Dozens of criminal justice students from St. Joseph’s University, New York’s Long Island and Brooklyn campuses took a field trip last month to the historic Eastern State Penitentiary in Philadelphia.
The one-day visit provided students with a firsthand understanding of the U.S. criminal justice system’s evolution and its role in shaping American history.
Led by Joseph Pascarella, Ph.D., associate professor of criminal justice and associate chair of the University’s Criminal Justice Department, and Jason Ostrowe, Ph.D., assistant professor of criminal justice at the Long Island Campus, the group explored significant landmarks in Philadelphia, including Independence Hall, the Liberty Bell, and the U.S. Constitution Center.
The journey culminated at Eastern State Penitentiary, the country’s first maximum-security prison designed for solitary confinement and isolation from society. The facility took on its first prisoner in 1829, as part of a controversial movement to change the behavior of people convicted of crimes through confinement in solitude with labor. It quickly became one of the most expensive and most copied buildings early on in U.S. history. It closed in 1971.
“It serves a purpose to demonstrate what a prison of that type during that era would look like — how it would feel. I think it does that very effectively,” Dr. Ostrowe said. “The thing that characterized the prison, and still does, is the emphasis on silence and repentance. That’s where we get the penitentiary idea from.”
Dr. Pascarella said the trip allowed students to visualize “the great hope and promise of the American Dream,” starting with the ideals of independence in 1776 and leading to the complexities of the modern prison system.
“The overarching goal of the field trip was to give our criminal justice majors a sense of U.S. history and the role of the criminal justice system,” he said.
The Day in Pictures
Check out photos from the trip below. They were supplied by Brooklyn and Long Island professors in the University’s criminal justice department.
A ‘Captivating Journey’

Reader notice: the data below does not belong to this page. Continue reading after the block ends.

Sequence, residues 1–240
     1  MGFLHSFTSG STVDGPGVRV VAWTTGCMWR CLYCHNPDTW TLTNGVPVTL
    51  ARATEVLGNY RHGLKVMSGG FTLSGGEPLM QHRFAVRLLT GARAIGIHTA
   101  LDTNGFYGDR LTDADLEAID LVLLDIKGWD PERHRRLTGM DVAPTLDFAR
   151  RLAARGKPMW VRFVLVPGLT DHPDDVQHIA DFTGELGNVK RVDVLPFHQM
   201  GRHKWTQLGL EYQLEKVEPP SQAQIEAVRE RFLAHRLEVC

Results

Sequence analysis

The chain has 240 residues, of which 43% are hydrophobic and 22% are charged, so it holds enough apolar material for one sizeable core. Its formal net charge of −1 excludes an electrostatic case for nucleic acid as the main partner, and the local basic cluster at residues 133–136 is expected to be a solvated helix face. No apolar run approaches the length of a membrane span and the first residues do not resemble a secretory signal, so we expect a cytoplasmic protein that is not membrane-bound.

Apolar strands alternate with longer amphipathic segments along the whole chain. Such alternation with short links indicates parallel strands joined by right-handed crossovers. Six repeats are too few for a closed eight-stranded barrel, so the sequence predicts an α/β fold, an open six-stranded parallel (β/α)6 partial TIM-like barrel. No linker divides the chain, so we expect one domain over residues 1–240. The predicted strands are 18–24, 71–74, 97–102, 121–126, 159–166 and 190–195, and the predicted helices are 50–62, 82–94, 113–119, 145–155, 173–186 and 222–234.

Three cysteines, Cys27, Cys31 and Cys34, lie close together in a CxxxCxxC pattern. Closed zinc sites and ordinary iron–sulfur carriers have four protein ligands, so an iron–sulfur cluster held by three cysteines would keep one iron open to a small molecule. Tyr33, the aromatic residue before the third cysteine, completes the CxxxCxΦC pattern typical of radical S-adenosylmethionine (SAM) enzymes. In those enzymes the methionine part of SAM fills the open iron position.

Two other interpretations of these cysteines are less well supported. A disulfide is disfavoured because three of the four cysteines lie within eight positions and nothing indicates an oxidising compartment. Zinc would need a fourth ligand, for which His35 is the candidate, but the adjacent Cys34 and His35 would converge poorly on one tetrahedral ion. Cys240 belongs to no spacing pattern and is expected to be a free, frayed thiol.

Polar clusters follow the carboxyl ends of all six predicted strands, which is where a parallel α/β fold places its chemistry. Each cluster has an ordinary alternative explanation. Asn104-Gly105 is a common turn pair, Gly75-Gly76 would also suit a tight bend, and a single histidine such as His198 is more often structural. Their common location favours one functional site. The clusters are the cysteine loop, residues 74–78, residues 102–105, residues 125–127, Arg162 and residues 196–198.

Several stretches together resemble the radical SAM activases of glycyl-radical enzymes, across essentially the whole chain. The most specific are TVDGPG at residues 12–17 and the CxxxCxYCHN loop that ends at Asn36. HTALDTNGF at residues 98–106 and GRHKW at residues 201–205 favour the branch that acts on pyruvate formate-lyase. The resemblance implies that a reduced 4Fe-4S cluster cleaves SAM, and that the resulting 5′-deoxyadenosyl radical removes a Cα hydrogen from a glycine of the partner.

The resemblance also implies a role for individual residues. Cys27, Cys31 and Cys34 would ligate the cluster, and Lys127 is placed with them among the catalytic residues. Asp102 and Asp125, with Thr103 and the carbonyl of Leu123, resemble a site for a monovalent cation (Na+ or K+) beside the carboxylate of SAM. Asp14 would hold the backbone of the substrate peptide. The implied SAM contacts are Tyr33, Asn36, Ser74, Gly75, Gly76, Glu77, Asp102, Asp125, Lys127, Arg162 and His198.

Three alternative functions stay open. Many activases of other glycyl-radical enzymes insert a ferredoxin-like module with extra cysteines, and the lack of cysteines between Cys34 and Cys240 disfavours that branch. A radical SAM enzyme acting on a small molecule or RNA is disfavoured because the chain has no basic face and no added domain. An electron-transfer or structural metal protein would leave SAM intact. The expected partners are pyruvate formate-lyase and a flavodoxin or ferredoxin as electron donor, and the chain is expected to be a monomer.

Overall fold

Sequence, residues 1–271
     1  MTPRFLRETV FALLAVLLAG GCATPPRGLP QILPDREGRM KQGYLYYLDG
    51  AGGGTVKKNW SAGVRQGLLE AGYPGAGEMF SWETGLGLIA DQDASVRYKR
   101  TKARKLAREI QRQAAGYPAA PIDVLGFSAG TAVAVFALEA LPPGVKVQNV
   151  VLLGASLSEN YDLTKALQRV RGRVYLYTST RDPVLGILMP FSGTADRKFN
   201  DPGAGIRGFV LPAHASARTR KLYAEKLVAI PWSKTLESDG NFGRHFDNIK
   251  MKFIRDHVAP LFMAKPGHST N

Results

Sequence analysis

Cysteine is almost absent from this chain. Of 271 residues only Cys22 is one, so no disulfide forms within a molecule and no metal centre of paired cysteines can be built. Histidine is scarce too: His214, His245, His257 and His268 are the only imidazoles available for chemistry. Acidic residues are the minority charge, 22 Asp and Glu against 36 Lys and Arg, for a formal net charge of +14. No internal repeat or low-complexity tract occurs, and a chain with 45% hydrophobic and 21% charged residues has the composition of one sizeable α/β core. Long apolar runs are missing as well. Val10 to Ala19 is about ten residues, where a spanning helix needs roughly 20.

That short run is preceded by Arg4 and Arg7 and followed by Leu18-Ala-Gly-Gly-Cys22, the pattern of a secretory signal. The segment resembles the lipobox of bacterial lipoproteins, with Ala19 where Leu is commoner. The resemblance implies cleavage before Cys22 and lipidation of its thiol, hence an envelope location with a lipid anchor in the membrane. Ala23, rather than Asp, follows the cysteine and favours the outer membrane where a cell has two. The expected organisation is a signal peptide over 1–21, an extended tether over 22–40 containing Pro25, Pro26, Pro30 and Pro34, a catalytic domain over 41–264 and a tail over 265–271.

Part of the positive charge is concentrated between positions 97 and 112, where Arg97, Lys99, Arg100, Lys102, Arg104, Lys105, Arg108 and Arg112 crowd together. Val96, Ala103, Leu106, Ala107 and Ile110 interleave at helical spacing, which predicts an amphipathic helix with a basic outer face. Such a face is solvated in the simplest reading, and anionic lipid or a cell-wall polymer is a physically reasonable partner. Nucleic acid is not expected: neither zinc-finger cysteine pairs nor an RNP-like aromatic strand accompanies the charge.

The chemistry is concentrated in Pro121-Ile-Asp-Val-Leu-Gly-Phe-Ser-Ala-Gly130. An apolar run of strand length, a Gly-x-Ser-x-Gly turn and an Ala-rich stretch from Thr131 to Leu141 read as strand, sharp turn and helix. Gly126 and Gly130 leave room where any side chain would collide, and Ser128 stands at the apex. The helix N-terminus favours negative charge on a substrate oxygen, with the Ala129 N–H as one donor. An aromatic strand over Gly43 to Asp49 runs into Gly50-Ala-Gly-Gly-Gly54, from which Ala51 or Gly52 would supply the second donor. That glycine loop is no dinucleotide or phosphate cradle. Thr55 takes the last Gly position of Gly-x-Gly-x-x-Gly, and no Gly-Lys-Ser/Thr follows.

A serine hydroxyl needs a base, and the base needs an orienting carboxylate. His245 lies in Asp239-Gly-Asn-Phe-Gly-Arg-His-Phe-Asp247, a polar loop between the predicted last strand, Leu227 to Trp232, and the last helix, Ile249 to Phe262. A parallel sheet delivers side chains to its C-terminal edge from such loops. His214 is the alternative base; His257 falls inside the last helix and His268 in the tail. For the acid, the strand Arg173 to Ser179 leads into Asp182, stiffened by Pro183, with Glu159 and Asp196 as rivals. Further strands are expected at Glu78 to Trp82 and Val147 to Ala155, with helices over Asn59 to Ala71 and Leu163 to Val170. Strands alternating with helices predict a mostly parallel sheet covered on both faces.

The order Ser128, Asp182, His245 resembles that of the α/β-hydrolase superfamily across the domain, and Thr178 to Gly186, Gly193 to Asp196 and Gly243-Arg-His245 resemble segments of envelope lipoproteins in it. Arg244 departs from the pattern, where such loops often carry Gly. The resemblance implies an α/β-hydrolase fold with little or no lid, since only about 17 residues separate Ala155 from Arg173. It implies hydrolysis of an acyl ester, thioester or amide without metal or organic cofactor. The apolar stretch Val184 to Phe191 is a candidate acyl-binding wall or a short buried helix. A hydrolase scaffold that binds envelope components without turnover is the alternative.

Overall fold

Brooklyn Campus criminal justice major Diamond Campbell, an executive board member with the campus’ Law and Justice Society, came away from the experience more enlightened on the daily life of a prisoner early in the 19th century.
“Our visit … was a captivating journey,” she said. “Exploring the fascinating artifacts, witnessing the panopticon, and stepping into the cells that once confined prisoners provided great insight into the past.
“It was an educational and eye-opening experience for me that I’m sure left a lasting impression on all of us,” she added.
Traveling with students from both campuses and meeting students from the Brooklyn Campus for the first time added an important social aspect to the educational trip, said Destiny Laurence, a Long Island Campus criminal justice major and Criminal Justice Club president.
“This was the first time I’ve ever met students from the Brooklyn Campus, and I really enjoyed meeting them,” she said. “I made so many friends from this trip, and we’re actually planning on going out to the city together soon — so that’s exciting.”
Laurence noted how touring the closed prison and other sites on the trip fostered a deeper understanding of the complexities and historical roots of the U.S. criminal justice system. She particularly got a kick out of seeing Capone’s cell. “Just to see it in person was really really cool for me,” she said.
Student Kathryn Cardello, a Brooklyn Campus criminal justice major and an executive board member of the Law and Justice Society, came away with a better understanding of Eastern State Penitentiary’s influence on today’s prison structures and goals.
“The trip was an amazing educational experience,” she said. “We were taught about the history of the first-ever penitentiary in the U.S., while standing inside of it. It was surreal.”